5.5.2.    Investment-based projects

Investment projects are far more complex and challenging than donation-based projects. This is because the organisation responsible for the project invests money on behalf of others and so has legal obligations regarding the use and return of that money. The following briefly describes the available legal structures and provides examples operating in Australia. [40]

The available legal structures can be divided into those most suitable for systems less than 100 kW and those most suitable for larger systems. The former are simpler to establish and operate, and are limited to 20 investors per year (the 20/12 Rule)[41] . In Australia, a hybrid approach is often used: with a ‘parent’ organisation using one type of structure, and a different type of legal structure for each renewable energy system (or group of systems). RePower Shoalhaven and ClearSky Solar use this approach.

Less than 100 kW:
•    incorporated association (RePower Shoalhaven)
•    private company limited by shares (Farming the Sun; RePower Shoalhaven)
•    unlisted public company limited by guarantee (ClearSky Solar)
•    trust and trustee company (ClearSky Solar)

More that 100 kW:
•    unlisted public company limited by shares (SRPC, Sapphire)
•    co-operatives (Hepburn Wind)
•    listed public company. 

There are currently no listed public companies that have been established for CORE projects, most likely because of the high cost in establishing and operating them.

Farming the Sun has developed two separate 99 kW solar systems: one on Goonellabah Sports & Aquatic Centre and one floating at the East Lismore Sewage Treatment Plant. Each involved the establishment of a proprietary (private) company limited by shares (each with a maximum of 20 shareholders). Each raised $180,000 that was provided as unsecured loans to Lismore City Council at 5.5% over 7 years. Savings on electricity costs enable the Council to repay both the interest and capital of the loan. Returns to investors are paid annually, and target a fully franked dividend of around 3.7% per annum. This approach may also be suitable for Noosa, and it is possible that Farming the Sun would be happy to provide assistance.

RePower Shoalhaven is an incorporated association where members can invest money in discrete renewable energy projects. Solar PV systems are installed behind the meter on host premises, which buy the electricity at reduced rates. For each solar system, or group of systems, a private company limited by shares is created which owns the system(s), and is limited to 20 investors per year. Once the system is paid off, it then becomes the property of the host site. Member investors are paid a return on their investment, with the capital also being returned. To date, 7 tranches of projects have been developed.[42]  This approach should be suitable for Noosa, and it is possible RePower Shoalhaven would be happy to provide assistance. The main difference to the Farming the Sun approach is that with Farming the Sun, the private company doesn’t own the PV system but just loans the money to the host site (which owns the system from day 1).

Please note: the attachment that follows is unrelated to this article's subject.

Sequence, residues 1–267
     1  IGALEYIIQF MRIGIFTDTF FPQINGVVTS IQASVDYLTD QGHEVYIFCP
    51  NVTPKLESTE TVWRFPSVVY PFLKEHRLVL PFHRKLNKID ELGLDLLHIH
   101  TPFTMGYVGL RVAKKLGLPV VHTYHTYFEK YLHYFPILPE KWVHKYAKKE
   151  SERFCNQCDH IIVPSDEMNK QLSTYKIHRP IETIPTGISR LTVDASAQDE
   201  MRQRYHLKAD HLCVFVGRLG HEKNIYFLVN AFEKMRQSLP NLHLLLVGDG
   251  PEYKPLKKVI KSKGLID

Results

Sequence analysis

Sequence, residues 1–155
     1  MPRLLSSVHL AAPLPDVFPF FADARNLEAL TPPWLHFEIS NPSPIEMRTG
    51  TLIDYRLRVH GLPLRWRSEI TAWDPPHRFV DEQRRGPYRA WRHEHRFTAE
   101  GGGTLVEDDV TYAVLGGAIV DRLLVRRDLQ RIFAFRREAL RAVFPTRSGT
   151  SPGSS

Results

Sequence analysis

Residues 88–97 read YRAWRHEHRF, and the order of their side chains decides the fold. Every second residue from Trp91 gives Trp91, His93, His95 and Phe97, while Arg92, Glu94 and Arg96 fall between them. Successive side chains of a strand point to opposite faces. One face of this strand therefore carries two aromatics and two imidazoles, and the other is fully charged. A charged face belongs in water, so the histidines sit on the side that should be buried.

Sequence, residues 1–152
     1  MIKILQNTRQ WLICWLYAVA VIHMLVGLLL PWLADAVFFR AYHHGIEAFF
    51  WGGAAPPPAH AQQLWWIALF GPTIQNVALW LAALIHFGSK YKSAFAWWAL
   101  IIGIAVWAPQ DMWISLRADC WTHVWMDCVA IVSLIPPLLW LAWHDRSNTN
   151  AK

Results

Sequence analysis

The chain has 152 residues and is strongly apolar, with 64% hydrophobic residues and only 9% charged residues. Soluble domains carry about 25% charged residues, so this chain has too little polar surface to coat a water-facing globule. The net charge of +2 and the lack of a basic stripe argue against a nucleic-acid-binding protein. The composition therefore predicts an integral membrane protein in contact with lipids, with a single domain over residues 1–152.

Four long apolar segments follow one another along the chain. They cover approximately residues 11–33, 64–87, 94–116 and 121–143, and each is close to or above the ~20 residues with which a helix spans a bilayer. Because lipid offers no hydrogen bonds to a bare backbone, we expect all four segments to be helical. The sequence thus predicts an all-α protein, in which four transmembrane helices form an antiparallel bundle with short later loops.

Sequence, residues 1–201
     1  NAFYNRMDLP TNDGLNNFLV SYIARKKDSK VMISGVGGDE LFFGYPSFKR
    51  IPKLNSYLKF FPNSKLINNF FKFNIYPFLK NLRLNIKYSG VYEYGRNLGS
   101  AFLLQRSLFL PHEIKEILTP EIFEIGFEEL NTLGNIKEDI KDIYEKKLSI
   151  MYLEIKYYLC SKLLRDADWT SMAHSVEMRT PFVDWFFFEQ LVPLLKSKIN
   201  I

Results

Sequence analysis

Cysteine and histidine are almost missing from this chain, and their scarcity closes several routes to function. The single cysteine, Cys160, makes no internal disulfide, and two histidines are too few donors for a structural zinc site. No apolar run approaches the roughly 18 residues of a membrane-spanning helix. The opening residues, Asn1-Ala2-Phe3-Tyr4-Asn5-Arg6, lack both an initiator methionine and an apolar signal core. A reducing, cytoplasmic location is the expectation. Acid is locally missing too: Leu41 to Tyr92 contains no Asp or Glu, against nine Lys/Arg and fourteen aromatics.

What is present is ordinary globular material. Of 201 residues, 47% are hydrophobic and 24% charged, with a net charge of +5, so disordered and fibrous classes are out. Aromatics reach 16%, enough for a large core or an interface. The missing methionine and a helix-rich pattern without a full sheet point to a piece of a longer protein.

ClearSky Solar Investments is a public company limited by guarantee. It is operated as a not-for-profit social enterprise. It helps to establish trusts as platforms for specific renewable energy projects. Investors can buy units in one of the trusts, with a maximum of 20 investors per project in a single year (the 20/12 Rule). This money is then passed to the for-profit installation company Smart Commercial Solar, who is contracted to own and operate the system. Smart Commercial Solar pays the trust an annual amount that consists of one seventh of the initial capital plus a revenue stream based on a value per kWh generated. This is then passed to investors after fees have been deducted. After seven years the host site owns the PV system. If this approach is to be used for Noosa, because of its complexity, it would most likely be best if ClearSky Solar was invited to manage a local project. ClearSky also have their dedicated installer, and so local installers could not be used.